We all want to avoid melanoma; the most frightening of skin cancers.

Few people challenge the fact that tanning increases the risk of non-melanoma skin cancers such as basal cell carcinoma and squamous cell carcinoma. In fact, excellent research has shown that high schoolers that tan indoors 6 times a year increase their risk of basal cell carcinoma by 82% over non-tanners. Even one trip to the tanning bed increased their risk by 10%.

We understand that early melanoma detection is often life saving and that we should check all of our skin frequently for suspicious moles that might become  melanoma. Moles come in different colors and shapes. Many people learn the ABCDE of mole exam and check for A asymmetry, B odd borders, C strange colors, D diameter more than 6mm, and now we have added E evolving or changing moles. Any positive finding means – head over to the dermatologist pronto.

But what else might we do to lower our risk of developing melanoma?

We know that melanoma sometimes runs in families. We can’t and don’t necessarily want to change our genes. So what else can we do?

Recent studies have confirmed with excellent scientific data that we can decrease our melanoma risk.  Use sunscreens when in the summer sun and totally avoid indoor tanning during the winter months.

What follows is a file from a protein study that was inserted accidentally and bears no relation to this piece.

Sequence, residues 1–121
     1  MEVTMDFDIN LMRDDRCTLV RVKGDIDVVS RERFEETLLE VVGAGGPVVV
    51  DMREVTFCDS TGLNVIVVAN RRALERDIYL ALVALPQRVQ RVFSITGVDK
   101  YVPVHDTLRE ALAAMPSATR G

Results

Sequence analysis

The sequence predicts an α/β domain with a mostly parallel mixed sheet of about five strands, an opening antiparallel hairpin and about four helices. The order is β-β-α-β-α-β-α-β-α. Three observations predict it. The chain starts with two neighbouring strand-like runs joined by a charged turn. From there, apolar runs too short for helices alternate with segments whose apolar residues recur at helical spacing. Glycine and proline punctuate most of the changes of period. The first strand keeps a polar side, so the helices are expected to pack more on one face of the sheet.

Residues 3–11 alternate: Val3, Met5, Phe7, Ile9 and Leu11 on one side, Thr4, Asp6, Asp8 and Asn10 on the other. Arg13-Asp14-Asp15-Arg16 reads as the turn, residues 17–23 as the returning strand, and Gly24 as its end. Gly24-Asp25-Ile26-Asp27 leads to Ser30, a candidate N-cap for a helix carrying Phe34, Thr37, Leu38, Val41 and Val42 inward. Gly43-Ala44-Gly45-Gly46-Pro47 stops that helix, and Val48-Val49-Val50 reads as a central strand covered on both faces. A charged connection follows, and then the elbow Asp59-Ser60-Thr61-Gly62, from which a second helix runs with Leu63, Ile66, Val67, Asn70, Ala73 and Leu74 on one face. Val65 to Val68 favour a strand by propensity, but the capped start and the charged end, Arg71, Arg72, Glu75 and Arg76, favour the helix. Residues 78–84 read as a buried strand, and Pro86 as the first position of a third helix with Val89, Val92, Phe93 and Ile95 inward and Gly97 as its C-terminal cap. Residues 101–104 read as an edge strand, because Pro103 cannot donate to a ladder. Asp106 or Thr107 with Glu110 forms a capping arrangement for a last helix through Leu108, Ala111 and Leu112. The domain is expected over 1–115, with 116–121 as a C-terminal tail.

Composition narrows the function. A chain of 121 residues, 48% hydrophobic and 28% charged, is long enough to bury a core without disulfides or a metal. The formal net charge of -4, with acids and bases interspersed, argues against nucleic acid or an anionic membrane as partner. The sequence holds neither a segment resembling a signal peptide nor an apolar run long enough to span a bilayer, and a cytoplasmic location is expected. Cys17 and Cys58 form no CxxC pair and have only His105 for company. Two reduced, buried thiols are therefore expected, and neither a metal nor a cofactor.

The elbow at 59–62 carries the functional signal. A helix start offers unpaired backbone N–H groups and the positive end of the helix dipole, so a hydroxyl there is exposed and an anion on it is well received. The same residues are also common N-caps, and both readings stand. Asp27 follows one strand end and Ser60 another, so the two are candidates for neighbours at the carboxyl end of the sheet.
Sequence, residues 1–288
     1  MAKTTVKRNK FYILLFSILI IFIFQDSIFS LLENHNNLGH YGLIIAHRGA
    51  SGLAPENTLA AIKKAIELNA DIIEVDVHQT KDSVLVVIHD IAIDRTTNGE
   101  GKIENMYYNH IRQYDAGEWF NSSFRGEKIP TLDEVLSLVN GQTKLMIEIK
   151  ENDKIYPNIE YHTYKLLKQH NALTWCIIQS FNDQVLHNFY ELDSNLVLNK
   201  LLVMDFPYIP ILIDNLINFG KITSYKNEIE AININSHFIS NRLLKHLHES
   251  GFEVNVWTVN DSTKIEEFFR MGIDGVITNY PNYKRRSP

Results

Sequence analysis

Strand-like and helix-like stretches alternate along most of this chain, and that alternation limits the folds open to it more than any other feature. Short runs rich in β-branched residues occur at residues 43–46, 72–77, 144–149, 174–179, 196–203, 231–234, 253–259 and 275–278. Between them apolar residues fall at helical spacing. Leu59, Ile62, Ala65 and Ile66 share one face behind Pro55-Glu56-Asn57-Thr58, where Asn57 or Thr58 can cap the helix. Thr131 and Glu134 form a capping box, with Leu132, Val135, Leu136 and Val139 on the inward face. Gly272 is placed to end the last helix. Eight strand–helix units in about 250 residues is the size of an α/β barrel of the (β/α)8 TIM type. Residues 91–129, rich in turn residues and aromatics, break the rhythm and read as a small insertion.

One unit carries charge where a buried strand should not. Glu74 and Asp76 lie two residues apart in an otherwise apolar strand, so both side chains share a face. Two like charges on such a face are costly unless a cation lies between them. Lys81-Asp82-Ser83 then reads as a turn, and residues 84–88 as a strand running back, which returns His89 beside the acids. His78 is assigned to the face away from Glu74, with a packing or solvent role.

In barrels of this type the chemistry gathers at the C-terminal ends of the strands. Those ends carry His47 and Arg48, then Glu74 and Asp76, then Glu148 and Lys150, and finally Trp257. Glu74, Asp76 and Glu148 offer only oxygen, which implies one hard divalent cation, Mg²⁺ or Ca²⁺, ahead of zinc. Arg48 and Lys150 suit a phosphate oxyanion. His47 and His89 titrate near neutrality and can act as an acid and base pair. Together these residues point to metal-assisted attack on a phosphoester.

A report from Australia (considered the melanoma capital of the world) showed that sunscreen use substantially reduced the risk of melanoma. Now, the Skin Cancer Foundation has warned that indoor tanners are 74% more likely to develop melanoma than those that have never tanned indoors. A recent Harvard Medical School study showed that people who tan indoors just four times a year increase their melanoma risk by 11%.  Even more troubling is the finding that younger tanners are especially at risk.

But it is hard to believe that there are some that still question the link between tanning and melanoma. I still meet patients that are convinced their tanning doesn’t increase melanoma risk. They strongly contend that a little sun a couple of times a week provides a healthy wholesome vitamin D boost and should be beneficial to all of us.

I say to them, being low in vitamin D is a vitamin D deficiency; take an oral vitamin D supplement as advised by your family doctor or internist. You probably would need extremely frequent tanning sessions to keep up your vitamin D needs and that would only increase your melanoma risk.

As life expectancy increases, I see more and more seemingly sun-related skin cancers. And more and more severely sun-damaged faces that seek out my advice for skin rejuvenation. I say it again and again. First, cause no more damage. Avoid all tanning. Second, examine your skin for changing moles by using our ABCDE guide. Then, let’s talk about what we, at The Skin Care Center, can do to make you look  and feel your best at any age.